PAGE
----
Since Genesis 12, the narrative has displayed the endurance of the Abrahamic covenant. Genesis 34-36 traces how the descendants of Abraham would live in the Promised Land. While Jacob and his sons attempted to establish themselves in the land of Canaan, the family of faith capitulated to their pagan neighbors. In the events of Genesis 34-36, God’s purposes are not thwarted by the sin of His people.
Genesis 34 recounts Dinah’s disposition in Shechem. “She went out to see some of the young women of the area” (Gen 34:1). Dinah was fitting in a little too well with pagans. But Shechem’s actions more obviously display moral depravity. While the violation of Dinah is horrific in any culture, Shechem’s proposal of marriage would likewise be disastrous to the covenant family. The intermarriage Shechem proposed would have compromised the covenant God made with Abraham—even if he “loved the young girl and spoke tenderly to her” (Gen 34:3), urging his father to get her for him as a wife (contra Genesis 24, where Abraham renounced a foreign wife for Isaac).
Dinah’s brothers wished to avenge what Shechem had done to their sister. They thus deceitfully agreed to the Hivite proposition of intermarriage between the two clans. While the pain of circumcision would have been crippling to the adult male Hivites, it would prove to be only a foreshadowing of the murder and plunder that would follow (Gen 34:25-29). Jacob finally entered into a dialog with his sons in Gen 34:30-31, recognizing that the actions of his children had caused his situation in the Promised Land to go from bad to worse.
Throughout Genesis, God works through the choices of humanity, causing even the sins of the covenant family to advance His redemptive plan—yet never excusing the wicked moral choices of anyone. This principle is illustrated in Gen 35:1-8. After the failures of the covenant family in the northern part of Canaan, God called Jacob to go south, to the covenant land of Bethel, the place where Jacob had made a vow to God (Gen 28:20-22).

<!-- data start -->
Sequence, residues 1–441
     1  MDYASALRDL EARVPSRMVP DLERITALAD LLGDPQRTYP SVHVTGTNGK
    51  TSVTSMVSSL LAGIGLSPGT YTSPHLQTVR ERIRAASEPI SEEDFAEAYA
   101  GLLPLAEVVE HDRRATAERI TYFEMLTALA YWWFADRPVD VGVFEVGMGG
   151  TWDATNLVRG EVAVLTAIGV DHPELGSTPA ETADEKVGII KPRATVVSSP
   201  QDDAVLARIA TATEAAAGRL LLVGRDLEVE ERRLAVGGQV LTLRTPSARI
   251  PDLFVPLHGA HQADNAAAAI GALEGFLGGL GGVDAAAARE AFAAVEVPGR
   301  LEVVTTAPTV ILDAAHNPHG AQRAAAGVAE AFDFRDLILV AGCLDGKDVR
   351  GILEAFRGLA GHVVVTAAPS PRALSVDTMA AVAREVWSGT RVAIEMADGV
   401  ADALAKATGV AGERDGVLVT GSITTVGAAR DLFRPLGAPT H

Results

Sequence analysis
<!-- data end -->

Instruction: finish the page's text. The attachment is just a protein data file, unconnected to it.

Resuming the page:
The genealogical records of Genesis 35-36 help trace God’s promises in relation to Abraham’s descendants. Esau’s wives were all Canaanite women, those outside the covenant family (Gen 36:1-3; see Gen 26:34-35; 27:46). Esau’s marital choices reveal that he was not the heir of the promise. Nonetheless, he prospered and enjoyed the prophecy that even kings would arise from his family line (Gen 36:31). The point of Genesis 36 is that Esau settled away from the land of promise (Gen 36:6, 8). The descendants of Esau were known as the Edomites, those who opposed the people of Israel when they were traveling toward the Jordan River and their entrance into Canaan—even threatening them with the sword (Num 20:14-21). All of this is in contrast to Jacob, who had twelve sons (Gen 35:23-26) and “lived in the land where his father had stayed, the land of Canaan” (Gen 37:1).
The number of Jacob’s sons provided a structure that Jesus and the New Testament authors employed in various ways. Their use of the number twelve demonstrated that they were fulfilling the promises made to Jacob and Israel. Jesus chose twelve disciples (Matt 10:2-4//Mark 3:13-19//Luke 6:14-16) and after Judas’s departure, the eleven were inclined to find a replacement so that their numbering of twelve would be maintained (Acts 1:15-26). Fulfillment—how the new relates to the old without setting it aside—will be forever observable in heaven. In the Revelation, John saw both Jacob’s sons and Jesus’ disciples as significant for God’s heavenly habitation with His people:
Then one of the seven angels, who had held the seven bowls filled with the seven last plagues, came and spoke with me: “Come, I will show you the bride, the wife of the Lamb.” He then carried me away in the Spirit to a great and high mountain and showed me the holy city, Jerusalem, coming down out of heaven from God, arrayed with God’s glory. Her radiance was like a very precious stone, like a jasper stone, bright as crystal. The city had a massive high wall, with 12 gates. Twelve angels were at the gates; on the gates, names were inscribed, the names of the 12 tribes of the sons of Israel. There were three gates on the east, three gates on the north, three gates on the south, and three gates on the west. The city wall had 12 foundations, and on them were the 12 names of the Lamb’s 12 apostles (Rev 21:9-14).